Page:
## De Broglie Equation Derivation and Use

Yazmin Bocanegra 3L
Posts: 51
Joined: Thu Jul 25, 2019 12:17 am

### De Broglie Equation Derivation and Use

How do you derive the De Broglie equation and when do you use it?

AronCainBayot2K
Posts: 101
Joined: Fri Aug 30, 2019 12:17 am

### Re: De Broglie Equation Derivation and Use

De Broglie Equation is used to find the wavelength of a particle with momentum, usually dealing with an electron. The equation is wavelength (lambda)=h/p where p can be rewritten as mass * velocity, while h represents Planck's constant.

Charisse Vu 1H
Posts: 101
Joined: Thu Jul 25, 2019 12:17 am

### Re: De Broglie Equation Derivation and Use

We don't necessarily need to know how to derive De Broglie's Equation. Just know that De Broglie's Equation is used when calculating the wavelength or frequency of anything with mass, such as electrons.

Rosa Munoz 2E
Posts: 105
Joined: Wed Sep 18, 2019 12:21 am

### Re: De Broglie Equation Derivation and Use

You don't have to know how to derive it.

RasikaObla_4I
Posts: 100
Joined: Thu Jul 25, 2019 12:15 am

### Re: De Broglie Equation Derivation and Use

It is derived from the equations E=momentum * speed of light and E= hc/wavelength. Combining both of those, you get wavelength= h/momentum. You use the de Broglie equation for any particle with momentum and wavelength properties.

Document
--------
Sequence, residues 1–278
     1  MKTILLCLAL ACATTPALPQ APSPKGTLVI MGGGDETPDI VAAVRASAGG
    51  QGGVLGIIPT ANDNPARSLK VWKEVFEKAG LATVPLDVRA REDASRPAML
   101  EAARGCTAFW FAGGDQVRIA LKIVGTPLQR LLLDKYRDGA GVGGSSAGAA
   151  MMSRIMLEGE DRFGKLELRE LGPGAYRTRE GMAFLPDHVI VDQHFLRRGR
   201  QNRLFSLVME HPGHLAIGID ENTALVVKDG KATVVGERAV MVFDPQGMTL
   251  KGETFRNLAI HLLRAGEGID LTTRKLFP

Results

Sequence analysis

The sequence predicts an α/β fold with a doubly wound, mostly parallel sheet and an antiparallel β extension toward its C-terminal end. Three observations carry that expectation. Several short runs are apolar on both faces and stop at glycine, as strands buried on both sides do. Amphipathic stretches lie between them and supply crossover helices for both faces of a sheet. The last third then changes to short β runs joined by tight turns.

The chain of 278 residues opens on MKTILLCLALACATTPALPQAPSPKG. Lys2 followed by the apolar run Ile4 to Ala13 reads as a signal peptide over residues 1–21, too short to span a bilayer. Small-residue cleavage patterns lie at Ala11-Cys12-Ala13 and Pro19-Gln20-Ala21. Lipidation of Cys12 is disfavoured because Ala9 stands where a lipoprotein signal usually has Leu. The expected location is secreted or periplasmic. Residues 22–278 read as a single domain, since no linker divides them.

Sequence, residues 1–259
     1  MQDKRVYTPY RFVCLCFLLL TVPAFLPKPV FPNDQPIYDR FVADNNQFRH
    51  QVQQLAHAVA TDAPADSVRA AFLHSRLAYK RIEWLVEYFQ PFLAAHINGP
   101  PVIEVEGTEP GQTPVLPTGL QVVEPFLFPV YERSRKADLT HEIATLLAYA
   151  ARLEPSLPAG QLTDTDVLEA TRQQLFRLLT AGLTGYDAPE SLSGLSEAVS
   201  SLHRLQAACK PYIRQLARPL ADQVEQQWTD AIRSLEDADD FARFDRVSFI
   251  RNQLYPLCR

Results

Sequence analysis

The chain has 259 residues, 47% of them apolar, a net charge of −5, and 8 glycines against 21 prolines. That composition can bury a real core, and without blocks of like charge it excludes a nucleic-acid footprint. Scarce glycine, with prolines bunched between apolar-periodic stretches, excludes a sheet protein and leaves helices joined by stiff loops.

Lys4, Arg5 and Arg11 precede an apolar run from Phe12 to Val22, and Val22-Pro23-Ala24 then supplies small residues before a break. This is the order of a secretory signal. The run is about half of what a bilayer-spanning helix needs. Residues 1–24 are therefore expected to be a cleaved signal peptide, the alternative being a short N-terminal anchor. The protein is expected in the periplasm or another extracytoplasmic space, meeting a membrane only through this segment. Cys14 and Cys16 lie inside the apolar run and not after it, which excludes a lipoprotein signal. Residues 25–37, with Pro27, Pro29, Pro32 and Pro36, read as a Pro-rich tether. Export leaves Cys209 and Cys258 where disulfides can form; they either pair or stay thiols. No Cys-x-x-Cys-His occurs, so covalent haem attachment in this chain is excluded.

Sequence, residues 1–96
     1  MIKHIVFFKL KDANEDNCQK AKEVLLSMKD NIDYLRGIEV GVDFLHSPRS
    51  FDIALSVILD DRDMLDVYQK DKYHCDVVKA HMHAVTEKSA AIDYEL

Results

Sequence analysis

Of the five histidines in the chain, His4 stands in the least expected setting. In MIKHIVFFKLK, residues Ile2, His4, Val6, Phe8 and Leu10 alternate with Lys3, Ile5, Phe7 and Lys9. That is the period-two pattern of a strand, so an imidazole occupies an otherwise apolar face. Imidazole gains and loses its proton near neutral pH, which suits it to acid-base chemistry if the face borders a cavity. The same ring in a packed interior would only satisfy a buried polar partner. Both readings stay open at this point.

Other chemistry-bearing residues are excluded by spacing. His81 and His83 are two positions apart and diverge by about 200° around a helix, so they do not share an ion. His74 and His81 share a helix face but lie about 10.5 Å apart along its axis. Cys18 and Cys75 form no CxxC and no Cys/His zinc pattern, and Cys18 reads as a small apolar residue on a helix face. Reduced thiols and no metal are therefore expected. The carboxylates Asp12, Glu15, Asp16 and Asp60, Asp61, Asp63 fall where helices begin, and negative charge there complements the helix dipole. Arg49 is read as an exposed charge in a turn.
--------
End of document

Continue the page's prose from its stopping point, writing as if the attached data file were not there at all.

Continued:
TarynD_1I
Posts: 100
Joined: Sat Aug 24, 2019 12:17 am

### Re: De Broglie Equation Derivation and Use

You use de Broglie's equation to find the wavelength of a particle that has resting mass (not light/photons).

CalvinTNguyen2D
Posts: 102
Joined: Thu Jul 25, 2019 12:16 am

### Re: De Broglie Equation Derivation and Use

De Broglie's equation can be used for any particle or object with a mass and velocity (momentum)!

Mulin_Li_2J
Posts: 105
Joined: Sat Aug 17, 2019 12:16 am

### Re: De Broglie Equation Derivation and Use

The derivation of De Broglie Equation takes three other equations. The first one is E = mc²; the second one is E = hv; the third one is c = vλ.

First, we take c = vλ, transform it to be v = c/λ, and replace it with v in E = hv. Then we get E = h*c/λ .

Second, we transform E = mc² to E = m*c*c. Since p(momentum) = m*c, we can write E = m*c*c as E = p*c.

Thrid, we let the two transformed equation equal to each other. We get p*c = h*c/λ. Cancel c from both sides, we get p=h/λ.

Finally, switch p and λ in the equation p=h/λ based on the rule of a equation, we get λ = h/p, which is the De Broglie Equation.

I know why you are asking this question because Dr. Lavelle writes it on his course outlines. I don't know whether we are gonna have it on a test, but it's always good to know more equations than less.

Hope this can help!